Data security – how to keep pace in the cyber arms race
Fuelled by human intrigue and technological experimentation, cybercrime has become a global industry, turning over an estimated $1.5tn (£1.24tn) last year.
The adoption of advanced technology by civil society has always been mirrored by those seeking to use it for unlawful purposes. As internet usage proliferated in the noughties, cybercrime started to become a lucrative business and an item on boardroom agendas, but a new kind of threat has emerged in recent years.
High-profile incidents – including the WannaCry ransomware attack that froze NHS systems; the Stuxnet worm that damaged Iran’s nuclear programme; and serious data breaches at Target, Yahoo and Equifax – have shown that cybercrime has become a full-time enterprise for activists and state-backed actors as well as felons.
Some of these entities are collaborating and trading tools and services anonymously on the dark web. It all points to a growing professionalism of cybercrime, where groups are structured like enterprises and have been known to advertise jobs, offering up to $20,000 a month for highly skilled practitioners.
“There has almost been a democratisation of threat actors,” notes Jonathan Jaffe, CISO at US-based insurer Lemonade. “You have a variety of simplified services, requiring fewer skills and making the field more accessible to threat actors. Out of that, you get interesting, complex, organised institutions.”
New attacks show growing criminal sophistication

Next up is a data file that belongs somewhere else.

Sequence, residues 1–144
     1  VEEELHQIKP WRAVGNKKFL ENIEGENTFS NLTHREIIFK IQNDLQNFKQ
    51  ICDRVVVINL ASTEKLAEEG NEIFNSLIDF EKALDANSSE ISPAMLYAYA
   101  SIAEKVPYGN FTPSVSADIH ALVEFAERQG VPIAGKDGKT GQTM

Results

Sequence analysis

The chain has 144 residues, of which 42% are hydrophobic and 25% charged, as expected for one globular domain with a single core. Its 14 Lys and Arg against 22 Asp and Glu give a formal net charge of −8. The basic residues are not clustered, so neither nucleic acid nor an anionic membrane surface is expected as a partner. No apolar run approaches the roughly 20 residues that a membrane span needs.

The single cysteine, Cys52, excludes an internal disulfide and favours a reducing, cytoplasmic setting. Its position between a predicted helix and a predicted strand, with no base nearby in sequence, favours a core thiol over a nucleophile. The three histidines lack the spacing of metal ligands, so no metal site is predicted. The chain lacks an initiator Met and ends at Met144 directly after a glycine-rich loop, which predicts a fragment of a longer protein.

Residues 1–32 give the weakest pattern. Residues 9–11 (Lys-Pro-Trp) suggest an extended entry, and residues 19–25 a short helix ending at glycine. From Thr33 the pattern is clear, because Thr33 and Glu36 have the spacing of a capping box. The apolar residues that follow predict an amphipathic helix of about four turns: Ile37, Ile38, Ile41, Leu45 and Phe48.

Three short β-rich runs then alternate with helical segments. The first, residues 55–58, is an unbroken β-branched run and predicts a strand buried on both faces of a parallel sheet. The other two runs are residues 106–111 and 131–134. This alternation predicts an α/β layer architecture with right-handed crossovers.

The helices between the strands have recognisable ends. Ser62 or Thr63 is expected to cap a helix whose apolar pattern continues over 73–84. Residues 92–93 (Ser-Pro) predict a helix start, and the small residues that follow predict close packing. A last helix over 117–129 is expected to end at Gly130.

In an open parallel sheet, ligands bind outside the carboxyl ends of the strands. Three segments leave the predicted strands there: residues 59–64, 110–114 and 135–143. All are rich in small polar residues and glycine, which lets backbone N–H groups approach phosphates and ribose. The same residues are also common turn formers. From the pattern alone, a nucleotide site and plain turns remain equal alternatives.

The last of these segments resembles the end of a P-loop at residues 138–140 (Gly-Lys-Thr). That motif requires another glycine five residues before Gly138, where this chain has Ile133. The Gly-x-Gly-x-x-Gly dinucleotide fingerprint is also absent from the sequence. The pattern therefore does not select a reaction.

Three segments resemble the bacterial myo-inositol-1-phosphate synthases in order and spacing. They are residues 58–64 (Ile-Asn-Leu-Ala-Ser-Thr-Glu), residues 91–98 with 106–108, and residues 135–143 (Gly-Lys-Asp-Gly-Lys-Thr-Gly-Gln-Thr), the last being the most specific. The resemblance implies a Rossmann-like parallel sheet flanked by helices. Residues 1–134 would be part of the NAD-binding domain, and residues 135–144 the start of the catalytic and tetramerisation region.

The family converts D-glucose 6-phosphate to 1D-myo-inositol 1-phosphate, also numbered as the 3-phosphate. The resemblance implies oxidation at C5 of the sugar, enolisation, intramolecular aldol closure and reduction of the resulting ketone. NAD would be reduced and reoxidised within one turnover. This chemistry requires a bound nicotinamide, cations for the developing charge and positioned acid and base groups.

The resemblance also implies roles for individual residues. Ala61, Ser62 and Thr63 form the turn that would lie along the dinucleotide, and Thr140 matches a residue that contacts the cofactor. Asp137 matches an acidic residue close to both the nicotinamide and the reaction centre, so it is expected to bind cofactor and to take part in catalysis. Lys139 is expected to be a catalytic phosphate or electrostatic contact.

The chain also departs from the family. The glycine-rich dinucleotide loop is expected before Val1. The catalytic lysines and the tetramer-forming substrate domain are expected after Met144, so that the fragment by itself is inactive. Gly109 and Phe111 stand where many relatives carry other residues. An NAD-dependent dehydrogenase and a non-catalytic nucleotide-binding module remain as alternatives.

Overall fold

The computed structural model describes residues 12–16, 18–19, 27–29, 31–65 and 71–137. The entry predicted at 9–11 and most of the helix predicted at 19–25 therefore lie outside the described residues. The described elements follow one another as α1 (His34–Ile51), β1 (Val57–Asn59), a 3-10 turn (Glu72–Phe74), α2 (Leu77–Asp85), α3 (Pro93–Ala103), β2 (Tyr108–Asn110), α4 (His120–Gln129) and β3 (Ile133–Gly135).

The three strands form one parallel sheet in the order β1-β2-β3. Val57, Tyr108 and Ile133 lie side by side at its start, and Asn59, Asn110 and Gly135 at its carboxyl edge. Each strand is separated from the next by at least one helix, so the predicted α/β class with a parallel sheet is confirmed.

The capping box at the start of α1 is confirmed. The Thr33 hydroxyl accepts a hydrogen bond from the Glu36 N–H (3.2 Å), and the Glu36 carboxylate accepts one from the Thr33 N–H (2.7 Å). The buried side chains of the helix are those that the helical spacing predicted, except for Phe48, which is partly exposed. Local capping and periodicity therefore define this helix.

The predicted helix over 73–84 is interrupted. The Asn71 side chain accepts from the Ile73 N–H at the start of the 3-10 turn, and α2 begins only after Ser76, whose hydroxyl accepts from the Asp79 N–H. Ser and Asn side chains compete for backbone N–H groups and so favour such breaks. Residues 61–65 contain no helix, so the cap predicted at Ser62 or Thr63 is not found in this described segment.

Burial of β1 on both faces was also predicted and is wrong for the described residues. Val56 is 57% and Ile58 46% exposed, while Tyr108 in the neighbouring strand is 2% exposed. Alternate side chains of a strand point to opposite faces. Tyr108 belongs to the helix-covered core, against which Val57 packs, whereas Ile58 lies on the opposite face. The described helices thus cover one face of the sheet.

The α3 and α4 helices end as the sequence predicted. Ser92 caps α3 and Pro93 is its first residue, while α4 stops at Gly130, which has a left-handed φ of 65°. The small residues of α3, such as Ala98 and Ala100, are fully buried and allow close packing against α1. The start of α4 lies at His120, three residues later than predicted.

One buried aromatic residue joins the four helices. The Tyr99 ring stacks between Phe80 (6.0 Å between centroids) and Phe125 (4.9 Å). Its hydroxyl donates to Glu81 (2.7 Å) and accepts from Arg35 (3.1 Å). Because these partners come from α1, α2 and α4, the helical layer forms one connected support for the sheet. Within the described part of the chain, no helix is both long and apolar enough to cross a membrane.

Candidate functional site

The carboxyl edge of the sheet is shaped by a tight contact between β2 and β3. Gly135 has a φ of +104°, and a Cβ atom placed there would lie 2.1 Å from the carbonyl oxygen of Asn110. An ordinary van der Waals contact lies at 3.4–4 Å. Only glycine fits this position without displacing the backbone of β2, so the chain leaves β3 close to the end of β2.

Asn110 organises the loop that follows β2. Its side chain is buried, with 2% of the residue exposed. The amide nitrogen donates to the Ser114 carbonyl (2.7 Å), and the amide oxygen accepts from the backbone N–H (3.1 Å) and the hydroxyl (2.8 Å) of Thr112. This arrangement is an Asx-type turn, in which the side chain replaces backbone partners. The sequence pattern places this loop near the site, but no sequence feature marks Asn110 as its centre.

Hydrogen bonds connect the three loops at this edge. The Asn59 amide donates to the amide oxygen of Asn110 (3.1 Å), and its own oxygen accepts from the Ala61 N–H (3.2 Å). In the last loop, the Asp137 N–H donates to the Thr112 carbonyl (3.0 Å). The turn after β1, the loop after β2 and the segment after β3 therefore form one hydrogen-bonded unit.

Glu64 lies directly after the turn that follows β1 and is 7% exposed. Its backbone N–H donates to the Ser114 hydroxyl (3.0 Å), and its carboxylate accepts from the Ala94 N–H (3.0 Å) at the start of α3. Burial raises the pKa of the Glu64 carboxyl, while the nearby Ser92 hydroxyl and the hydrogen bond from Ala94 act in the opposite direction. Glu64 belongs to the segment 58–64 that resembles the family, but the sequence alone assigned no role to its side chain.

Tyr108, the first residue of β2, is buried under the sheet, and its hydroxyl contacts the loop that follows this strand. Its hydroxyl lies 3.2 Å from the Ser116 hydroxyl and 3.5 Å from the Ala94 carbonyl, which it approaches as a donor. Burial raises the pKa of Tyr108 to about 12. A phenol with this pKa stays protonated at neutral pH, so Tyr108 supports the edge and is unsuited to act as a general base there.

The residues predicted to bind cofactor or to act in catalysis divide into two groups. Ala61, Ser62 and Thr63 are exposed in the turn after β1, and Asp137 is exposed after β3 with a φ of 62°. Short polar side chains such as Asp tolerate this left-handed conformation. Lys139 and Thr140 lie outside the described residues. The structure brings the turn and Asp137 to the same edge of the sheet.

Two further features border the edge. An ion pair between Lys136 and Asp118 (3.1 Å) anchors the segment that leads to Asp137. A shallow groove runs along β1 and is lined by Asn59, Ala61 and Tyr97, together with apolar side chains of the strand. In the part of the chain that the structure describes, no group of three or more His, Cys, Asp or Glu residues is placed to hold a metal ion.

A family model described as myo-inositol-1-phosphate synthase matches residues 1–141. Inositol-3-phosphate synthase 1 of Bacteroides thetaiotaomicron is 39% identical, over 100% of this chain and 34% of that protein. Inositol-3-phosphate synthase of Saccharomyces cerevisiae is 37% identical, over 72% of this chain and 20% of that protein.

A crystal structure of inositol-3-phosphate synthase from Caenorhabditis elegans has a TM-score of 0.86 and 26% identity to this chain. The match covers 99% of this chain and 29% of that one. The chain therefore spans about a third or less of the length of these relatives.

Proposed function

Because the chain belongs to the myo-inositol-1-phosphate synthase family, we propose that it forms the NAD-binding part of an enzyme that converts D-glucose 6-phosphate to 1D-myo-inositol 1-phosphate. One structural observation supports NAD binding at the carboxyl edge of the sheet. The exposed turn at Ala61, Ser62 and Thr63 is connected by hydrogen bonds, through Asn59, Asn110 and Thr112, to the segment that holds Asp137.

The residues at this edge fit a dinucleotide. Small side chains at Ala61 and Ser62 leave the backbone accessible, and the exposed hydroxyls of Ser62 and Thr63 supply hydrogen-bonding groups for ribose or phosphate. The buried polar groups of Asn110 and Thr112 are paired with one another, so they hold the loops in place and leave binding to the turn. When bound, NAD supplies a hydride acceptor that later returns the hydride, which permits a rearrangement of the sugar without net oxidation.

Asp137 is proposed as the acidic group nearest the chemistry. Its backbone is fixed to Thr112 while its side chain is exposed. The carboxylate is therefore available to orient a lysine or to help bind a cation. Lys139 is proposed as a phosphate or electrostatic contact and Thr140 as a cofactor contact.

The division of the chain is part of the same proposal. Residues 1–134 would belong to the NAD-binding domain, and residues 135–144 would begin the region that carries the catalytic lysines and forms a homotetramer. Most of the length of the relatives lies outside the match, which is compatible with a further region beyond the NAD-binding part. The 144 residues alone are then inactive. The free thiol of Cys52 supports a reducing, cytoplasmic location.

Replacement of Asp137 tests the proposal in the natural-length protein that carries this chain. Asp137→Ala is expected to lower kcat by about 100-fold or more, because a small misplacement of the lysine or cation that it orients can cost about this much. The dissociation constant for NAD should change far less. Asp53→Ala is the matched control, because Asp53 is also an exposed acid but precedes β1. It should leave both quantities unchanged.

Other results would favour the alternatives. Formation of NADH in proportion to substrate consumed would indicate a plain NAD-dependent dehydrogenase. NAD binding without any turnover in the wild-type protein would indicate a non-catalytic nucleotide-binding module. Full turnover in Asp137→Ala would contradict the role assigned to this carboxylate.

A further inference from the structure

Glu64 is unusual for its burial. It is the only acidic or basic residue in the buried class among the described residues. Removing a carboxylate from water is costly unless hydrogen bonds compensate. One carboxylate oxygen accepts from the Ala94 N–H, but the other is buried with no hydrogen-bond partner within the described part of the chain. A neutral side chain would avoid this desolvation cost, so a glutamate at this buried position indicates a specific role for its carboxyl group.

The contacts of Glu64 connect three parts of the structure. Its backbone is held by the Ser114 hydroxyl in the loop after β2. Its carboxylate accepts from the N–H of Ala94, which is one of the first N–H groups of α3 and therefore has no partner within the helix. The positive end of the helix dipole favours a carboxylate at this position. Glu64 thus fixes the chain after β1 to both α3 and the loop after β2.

Such democratisation has also given cybercriminals the chance to increase the scale and efficiency of their attacks. Security researchers have found early experimentation with conversational AI tools such as ChatGPT for phishing scams, the use of cloud platforms to automate attacks and the adoption of bitcoin for untraceable financing.
The use of ransomware grew faster in 2022 than it had in the preceding five years combined, according to Verizon’s Data Breach Investigations Report. It’s no wonder when the business model – infiltrate a firm’s network, encrypt all the data and extort payment to unlock it – continues to prove successful.
Newer lines of business have been burgeoning too. Under the cybercrime-as-a-service (CaaS) model, malware developers, hackers and others market what they can do online, for instance, with ‘access-as-a-service’ offerings selling entry into corporate networks that have already been compromised.
Such a high level of criminal sophistication is proving a headache for both businesses and governments. Taking down the complex infrastructure that supported the Hive ransomware required the combined efforts of law enforcement agencies in 13 countries, for instance.
The problem has led some key institutions, such as the World Economic Forum, to suggest that the cyber defences of many businesses, governments and individuals are being rendered obsolete at an alarming rate.
Christopher Adjei-Ampofo, CIO and CISO at digital trading platform Uphold, has witnessed such sophistication at close quarters. Criminals recently spoofed his firm’s hiring process, writing job adverts, conducting online interviews and sending employment contracts, thereby fooling prospective recruits into thinking that they’d been selected. These ‘employees’ all bought laptops and shipped them to the threat actor in the belief that they were following instructions to send their devices to Uphold for configuration.
“There is an army of people – and they are so sophisticated,” he says.